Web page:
Do you know the difference between Quality Assurance and Quality Control? This is a very common question and one that often causes confusion. Let’s start by looking at the official definition from the Project Management Institute PMBoK®, Section 8.2,” Perform Quality Assurance”.
Perform Quality Assurance is the process of auditing the quality requirements and the results from quality control measurements to ensure that appropriate quality standards and operational definitions are used. The key benefit of this process is that it facilitates the improvement of quality processes.
So, Quality Assurance creates the systems (and standards) to measure and control quality so that quality products are produced; whereas Quality Control measures the quality level of the products produced and either accepts them or rejects them based on the criteria developed by quality assurance. If outputs or end products are being measured, it is Quality Control. However, if the process is being measured, it is Quality Assurance. Here’s a simple example:
A water installation project is started with the aim of installing water to several villages in Africa. The procurement officer is tasked with supplying the pipes, which will carry the water. He is given the correct gauge of pipe and told to supply them quickly as the project needs to progress.
The Procurement officer orders and delivers the pipes as per the specification. When the pipes are installed to the first village it is clear that the pipes are not fit for the purpose as they spring leeks. The Procurement officer has done his job correctly but the quality of the pipes was not discussed.
Therefore, although he came in under budget, the pipes could not withstand the water pressure required to supply the village. Production stops and a quality audit is undertaken. Production measurements and machinery were checked and corrected. Production was restarted, quality pipes were installed and water supplies were produced.
Quality Management Encompasses Both Quality Assurance and Quality Control
Both Quality Assurance and Quality Control come under the umbrella of Quality Management. This can be seen as a four step process beginning with Quality Assurance and ending with Continuous Improvement.
1. Quality Assurance
Quality Assurance (QA) begins at the implementation of a project and provides evidence that will create confidence to all stakeholders and beneficiaries of the project. QA includes the evaluation of the overall performance of the project on a regular basis to provide assurance that the project will satisfy the quality standards, defined by the project. QA ensures that the project meets any legal or regulatory standards. QA is applied to the products and services delivered by a project and it is also applied to the way a project uses the tools, techniques and methodologies which mange schedule, scope, budget and quality. QA is a proactive process.
Quality Assurance will ask questions like:
- How will quality be measured?
- Who will measure it?
- What will be measured- e.g. how many units, which processes, which types?
- When will it be measured?
- What are the applicable quality standards?
- What are the criteria for rejection?
2. Quality Audits
Quality Audits are carried out periodically during the project to ensure that Quality Assurance standards remain intact. Quality Audits review how a project is proceeding and looks specifically at the products and services being produced. A quality audit goal is to find ways to internally improve the tools, techniques and processes used to create the product or service. Included in a quality audit is a review of the project staff to ensure that everyone is “on the same page” and understand the quality parameters. During the audit, skills and knowledge are checked to ensure that project staff are knowledgeable and have the expertise to produce the products or services.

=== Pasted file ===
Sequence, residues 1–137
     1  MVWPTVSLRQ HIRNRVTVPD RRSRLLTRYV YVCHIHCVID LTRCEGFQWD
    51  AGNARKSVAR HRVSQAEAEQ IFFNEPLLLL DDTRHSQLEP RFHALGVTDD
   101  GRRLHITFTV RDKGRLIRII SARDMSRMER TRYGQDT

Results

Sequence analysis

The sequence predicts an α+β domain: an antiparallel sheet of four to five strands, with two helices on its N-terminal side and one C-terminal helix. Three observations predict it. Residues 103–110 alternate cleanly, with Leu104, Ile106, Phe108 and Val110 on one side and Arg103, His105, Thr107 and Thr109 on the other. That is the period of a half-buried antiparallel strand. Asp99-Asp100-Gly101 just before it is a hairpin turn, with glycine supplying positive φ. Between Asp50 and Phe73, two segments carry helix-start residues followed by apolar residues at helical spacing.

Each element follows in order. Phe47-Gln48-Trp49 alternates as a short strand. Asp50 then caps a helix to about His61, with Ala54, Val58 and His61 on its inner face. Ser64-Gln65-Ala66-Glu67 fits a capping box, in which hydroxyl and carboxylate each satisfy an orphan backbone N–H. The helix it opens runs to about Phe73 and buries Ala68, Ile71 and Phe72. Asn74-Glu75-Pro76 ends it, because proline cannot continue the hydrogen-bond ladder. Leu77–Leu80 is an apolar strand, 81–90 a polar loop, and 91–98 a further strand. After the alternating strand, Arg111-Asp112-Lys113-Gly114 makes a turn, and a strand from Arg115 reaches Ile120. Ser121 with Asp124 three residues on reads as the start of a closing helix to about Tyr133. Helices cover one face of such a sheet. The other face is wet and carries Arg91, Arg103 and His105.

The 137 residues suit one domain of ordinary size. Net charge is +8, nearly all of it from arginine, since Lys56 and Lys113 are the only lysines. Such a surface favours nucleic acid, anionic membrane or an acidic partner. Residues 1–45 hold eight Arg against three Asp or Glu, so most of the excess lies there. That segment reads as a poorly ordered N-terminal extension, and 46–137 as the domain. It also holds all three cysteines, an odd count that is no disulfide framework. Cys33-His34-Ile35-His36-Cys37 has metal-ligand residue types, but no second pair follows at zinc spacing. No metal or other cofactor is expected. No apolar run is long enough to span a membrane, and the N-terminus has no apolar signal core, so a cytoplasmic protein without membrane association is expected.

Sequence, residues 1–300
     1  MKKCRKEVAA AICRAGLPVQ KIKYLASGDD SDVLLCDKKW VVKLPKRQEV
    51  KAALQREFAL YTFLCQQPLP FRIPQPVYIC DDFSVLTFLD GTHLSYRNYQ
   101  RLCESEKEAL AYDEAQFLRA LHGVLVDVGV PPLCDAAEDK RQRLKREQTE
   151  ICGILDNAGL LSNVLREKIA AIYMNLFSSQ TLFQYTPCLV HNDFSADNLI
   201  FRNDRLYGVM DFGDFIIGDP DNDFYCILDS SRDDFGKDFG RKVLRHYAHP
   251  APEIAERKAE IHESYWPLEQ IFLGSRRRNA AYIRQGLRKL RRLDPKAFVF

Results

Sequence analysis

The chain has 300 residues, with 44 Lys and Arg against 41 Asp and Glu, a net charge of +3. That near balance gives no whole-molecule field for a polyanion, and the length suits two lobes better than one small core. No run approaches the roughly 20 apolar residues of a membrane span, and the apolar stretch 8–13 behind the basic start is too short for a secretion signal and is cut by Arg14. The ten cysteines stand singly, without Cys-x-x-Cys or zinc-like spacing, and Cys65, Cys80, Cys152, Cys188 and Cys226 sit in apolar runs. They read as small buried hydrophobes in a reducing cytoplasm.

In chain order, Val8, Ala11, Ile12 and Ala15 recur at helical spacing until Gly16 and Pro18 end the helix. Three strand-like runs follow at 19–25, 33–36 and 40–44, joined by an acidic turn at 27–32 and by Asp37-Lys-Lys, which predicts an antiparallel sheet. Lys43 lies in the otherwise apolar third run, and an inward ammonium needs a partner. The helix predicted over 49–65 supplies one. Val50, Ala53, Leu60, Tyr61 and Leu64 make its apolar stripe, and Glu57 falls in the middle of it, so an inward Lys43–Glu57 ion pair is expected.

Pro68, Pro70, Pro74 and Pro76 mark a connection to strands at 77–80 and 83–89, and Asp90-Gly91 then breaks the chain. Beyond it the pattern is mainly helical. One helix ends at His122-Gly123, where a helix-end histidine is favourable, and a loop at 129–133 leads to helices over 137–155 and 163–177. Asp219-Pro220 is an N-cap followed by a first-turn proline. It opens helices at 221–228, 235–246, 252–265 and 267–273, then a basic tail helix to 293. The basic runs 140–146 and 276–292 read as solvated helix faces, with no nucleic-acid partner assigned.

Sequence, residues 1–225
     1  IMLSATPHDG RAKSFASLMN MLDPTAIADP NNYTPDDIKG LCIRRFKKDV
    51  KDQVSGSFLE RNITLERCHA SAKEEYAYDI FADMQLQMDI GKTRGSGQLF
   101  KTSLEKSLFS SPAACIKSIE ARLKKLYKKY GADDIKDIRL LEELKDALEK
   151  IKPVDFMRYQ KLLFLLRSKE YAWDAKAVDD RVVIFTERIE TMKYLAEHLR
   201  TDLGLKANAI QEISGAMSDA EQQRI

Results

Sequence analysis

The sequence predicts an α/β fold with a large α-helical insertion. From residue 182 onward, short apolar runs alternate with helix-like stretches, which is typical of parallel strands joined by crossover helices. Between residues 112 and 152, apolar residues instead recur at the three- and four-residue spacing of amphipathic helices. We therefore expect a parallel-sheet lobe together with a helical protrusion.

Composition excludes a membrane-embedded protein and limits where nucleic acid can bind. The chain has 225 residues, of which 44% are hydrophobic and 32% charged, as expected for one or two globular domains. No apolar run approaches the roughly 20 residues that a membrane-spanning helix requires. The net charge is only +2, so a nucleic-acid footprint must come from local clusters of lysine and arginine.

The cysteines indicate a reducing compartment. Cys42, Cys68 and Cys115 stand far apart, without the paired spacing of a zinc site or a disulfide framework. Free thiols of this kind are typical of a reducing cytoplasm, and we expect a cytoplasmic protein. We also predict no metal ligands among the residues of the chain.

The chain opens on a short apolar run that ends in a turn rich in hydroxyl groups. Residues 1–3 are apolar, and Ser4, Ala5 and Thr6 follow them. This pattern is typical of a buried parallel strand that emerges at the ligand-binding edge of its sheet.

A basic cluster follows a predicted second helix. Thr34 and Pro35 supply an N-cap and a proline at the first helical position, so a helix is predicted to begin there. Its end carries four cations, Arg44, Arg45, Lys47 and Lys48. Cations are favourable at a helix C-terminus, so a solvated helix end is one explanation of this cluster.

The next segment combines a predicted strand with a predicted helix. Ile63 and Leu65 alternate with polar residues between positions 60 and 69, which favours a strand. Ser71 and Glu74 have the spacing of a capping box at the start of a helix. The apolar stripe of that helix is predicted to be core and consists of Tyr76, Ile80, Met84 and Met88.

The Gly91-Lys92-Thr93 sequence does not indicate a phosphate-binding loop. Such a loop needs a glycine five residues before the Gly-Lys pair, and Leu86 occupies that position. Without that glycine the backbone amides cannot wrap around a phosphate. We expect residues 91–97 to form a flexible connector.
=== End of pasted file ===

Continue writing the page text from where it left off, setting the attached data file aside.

If any problems are detected they will need to be corrected immediately, so that quality of products and services are reaffirmed.
3. Quality Control
Quality Control (QC) activities start at the beginning of the project and helps to find defects in the deliverables which are unacceptable in quality as specified by the QA. QC looks at the operational techniques and activities used to ensure that the quality requirements are met. This is a reactive process.
Both QA and QC are dependent on one another, the QC receives information from the QA process and the QC offers feedback to QA if quality is affected so that the QA can take corrective measures. The QC will then follow the new updated process provided by QA so that quality isn’t compromised.
4. Continuous Improvement
Continuous Improvement looks to improve quality and performance with the goal of exceeding stakeholders’ expectations. Continuous Improvement is a process which ensures that improvements are constantly on the mind of the project management team. Employees who use their tools daily are encouraged to inform line managers of minor improvements as they encounter them. These improvements are passed to the QA team who are likely to stop production to encompass these improvements.
QA and QC both have the same goal; to produce a quality product or service which satisfies the stakeholders and beneficiaries of the project. Although QA and QC have the same goal their roles are different. QA is a process based role, designing a process and setting the quality standards so that a quality product is produced. QC is a product based role which checks the quality of the product and ensures that quality is upheld. Both QA and QC are dependent on each other. QA sets the process and governance standards, reviewing these through quality audits. QC reports back to QA with any defects in product quality. Both make use of continuous improvement as an aid for improving the process and product quality.
Readers that liked this article also liked:
PMBoK is registered marks of the Project Management Institute, Inc.